Friday, March 02, 2007
I survived my first ever skiing holiday. When K. told me in December that we'll be skiing in Breuil-Cervinia in the Italian Alps in February, my heart sank. Me? Downhill? I know how to ski, obviously, as Nordic/cross-country skiing is a beloved Estonian winter sport and part of the schools' PE curriculum here. But downhill skiing is a different story altogether. It's fast and dangerous and difficult and one could break all four limbs and it's cold 'up there' etc. I was terrified, to put it mildly, and took comfort in choosing a new skiing outfit (well, I didn't really need one in Edinburgh, and the one my mum sewed me some 20 years ago didn't fit any more). I also did research on what to eat and drink while in Valle d'Aosta, in case I did break my bones on the first day and needed to spend the rest of the week in the comfort of my hotel or a nearby cafe..
Well, eventually I enjoyed the holiday a lot. I am still surprised how much I enjoyed it:) We were a group of 10 Estonians, 4 Latvians and 4 Lithuanians, and most of the people were experienced skiiers. Luckily, there was two other persons who had hit the slopes for the first time, so we hired a teacher for two hours on the first morning. I'll save you the embarrassing details about me falling flat on my back on the 'Nuovo Baby Cretaz' carpet lift (khm) on Day 1, and my mis-adventures with proper ski lifts on the second day. It suffices to say that I stayed on the slopes for six days, almost didn't fall on some days, and advanced to the easier red slopes by the end of the trip. Most importantly, I was having a good time, and if invited, I'll happily go again next year.
The food? We stayed in one of the 'sport hotels' in town, and although the menu sounded good, the food was nothing to write home about. To be honest, the food was down-right dissapointing, truly badly executed, including the pompuous Mardi Gras feast on February 20th. If our group only hadn't booked the half-board packet (i.e. breakfast and dinner included), we would have probably never stayed for dinner at the hotel. And unless you enjoy driving up and down narrow and zig-zag mountain roads, you're stuck at the skiing resort without too many restaurant options apart from pizzerias..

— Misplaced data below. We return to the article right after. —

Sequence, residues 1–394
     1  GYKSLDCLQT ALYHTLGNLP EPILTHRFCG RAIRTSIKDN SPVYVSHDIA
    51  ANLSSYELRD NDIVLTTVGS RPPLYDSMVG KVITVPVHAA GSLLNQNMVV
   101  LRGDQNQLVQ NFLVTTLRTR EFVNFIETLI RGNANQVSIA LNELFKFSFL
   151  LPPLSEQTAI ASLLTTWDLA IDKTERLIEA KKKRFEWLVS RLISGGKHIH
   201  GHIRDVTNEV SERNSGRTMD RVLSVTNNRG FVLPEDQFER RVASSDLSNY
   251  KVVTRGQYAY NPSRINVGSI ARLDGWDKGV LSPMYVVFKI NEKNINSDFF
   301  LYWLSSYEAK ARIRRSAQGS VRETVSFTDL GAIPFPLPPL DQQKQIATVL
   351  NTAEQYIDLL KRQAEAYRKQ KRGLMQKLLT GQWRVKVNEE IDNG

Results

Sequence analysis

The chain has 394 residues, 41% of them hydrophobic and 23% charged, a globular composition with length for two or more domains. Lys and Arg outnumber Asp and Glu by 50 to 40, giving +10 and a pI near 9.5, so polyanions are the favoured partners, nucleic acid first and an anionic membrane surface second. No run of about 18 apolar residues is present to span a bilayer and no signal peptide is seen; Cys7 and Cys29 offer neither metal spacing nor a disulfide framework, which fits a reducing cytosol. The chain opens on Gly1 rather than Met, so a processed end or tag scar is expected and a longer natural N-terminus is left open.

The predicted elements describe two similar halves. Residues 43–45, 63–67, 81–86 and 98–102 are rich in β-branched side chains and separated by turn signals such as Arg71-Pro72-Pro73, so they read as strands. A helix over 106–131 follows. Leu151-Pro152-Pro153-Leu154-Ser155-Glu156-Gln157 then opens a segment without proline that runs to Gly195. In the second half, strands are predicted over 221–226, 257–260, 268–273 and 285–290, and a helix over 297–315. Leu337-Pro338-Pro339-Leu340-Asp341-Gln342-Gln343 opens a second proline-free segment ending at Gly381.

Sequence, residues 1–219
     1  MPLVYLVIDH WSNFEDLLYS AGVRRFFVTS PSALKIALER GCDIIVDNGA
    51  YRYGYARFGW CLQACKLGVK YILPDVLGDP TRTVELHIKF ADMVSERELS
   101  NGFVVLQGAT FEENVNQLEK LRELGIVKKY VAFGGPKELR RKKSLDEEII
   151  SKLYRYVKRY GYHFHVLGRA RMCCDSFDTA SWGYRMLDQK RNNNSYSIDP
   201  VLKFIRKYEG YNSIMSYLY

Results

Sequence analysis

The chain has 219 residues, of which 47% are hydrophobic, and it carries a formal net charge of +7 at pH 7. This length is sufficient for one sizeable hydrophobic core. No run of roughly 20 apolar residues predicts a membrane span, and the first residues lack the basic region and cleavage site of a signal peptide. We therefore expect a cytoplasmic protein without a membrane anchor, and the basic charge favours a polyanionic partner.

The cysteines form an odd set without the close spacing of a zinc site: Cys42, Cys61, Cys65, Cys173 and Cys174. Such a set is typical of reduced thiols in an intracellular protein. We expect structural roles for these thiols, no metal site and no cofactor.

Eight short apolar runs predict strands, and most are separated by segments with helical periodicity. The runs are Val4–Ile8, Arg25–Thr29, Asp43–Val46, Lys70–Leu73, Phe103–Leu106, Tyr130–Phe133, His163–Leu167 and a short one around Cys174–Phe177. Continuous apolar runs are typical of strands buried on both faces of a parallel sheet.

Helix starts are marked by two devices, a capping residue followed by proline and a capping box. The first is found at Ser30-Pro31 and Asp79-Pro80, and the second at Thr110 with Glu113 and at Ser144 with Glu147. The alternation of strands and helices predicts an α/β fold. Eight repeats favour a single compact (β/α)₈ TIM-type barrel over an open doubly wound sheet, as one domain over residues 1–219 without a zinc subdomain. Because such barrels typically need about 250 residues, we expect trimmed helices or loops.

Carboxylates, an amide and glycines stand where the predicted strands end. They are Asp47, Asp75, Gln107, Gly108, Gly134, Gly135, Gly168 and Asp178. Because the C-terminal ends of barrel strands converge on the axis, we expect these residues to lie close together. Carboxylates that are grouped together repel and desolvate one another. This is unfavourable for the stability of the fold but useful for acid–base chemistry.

We did make an effort to sample as many local salumi and cheeses as possible. Here's a plate of local cheese and ham we enjoyed on the first day of skiing:
Sliced toma cheese, and a white round of tomini; (from left to right) some mocetta ham (made from the mountain goat, I believe), deliciously soft lardo di Arnad (DOP); another local ham (Jambon de Bosses?); with a couple of candied chestnuts in the middle.
And here's a plate of grilled tomini cheese with bacon, enjoyed on the sixth day on one of the slopes, and accompanied by a mug of hot chocolate with rum:
We brought back some local cheese (incl. toma della valle, toma al peperoncino and robiola rustica) and ham which I may mention later on the blog.
We did leave the hotel for a more local foodie experience, to the great bafflement of the hotel receptionist (we still had to pay for our dinner for 20 in absentia, of course). We went to a ristorante tipico, La "Maison de Saussure", where we enjoyed a fabulous spread of antipasti of ham, cheese, roasted vegetables and chestnuts - already a meal in itself! We then familiarised ourselves with some local curiosities like zuppa valpellinentze consisting of cabbage, melted fontina cheese and rye bread in broth. This rustic dish was not everybody's cup of tea, whereas the grand finale, grolla dell'amicizia - the cup of friendship - was enjoyed by all (I'll write about that fortified coffee drink soon) .
There was one really lovely cafe called Bar Le Samovar that I frequented a lot, just in the beginning of the main street. Great music, lovely vibrant atmosphere, an impressive choice of teas and pastries and a good selection of alcohol. I became a 'regular' there, where the waitress didn't even ask for my choice of coffee on the last few days:) Here are a few pictures of various offerings:
A profitrole filled with very citrussy lemon cream; a small scallop-shaped puff pastry with rum cream; a banana-cola tartlet; a chocolate tartlet with a fancy chocolate topping; a small eclaire.
Two Chantilli cakes resembling mini versions of our lenten buns (and indeed, we ordered 40 of these for our group on Shrove Tuesday:); a pear and chocolate tartlet; a small tartlet with chocolate cream and truffle on top.
Lemon profiterole (again:); two ricotta-filled puff pastries; a crispy almon tartlet, among others.
Bar Le Samovar
3, Via Carrel
Breuil Cervinia (Ao)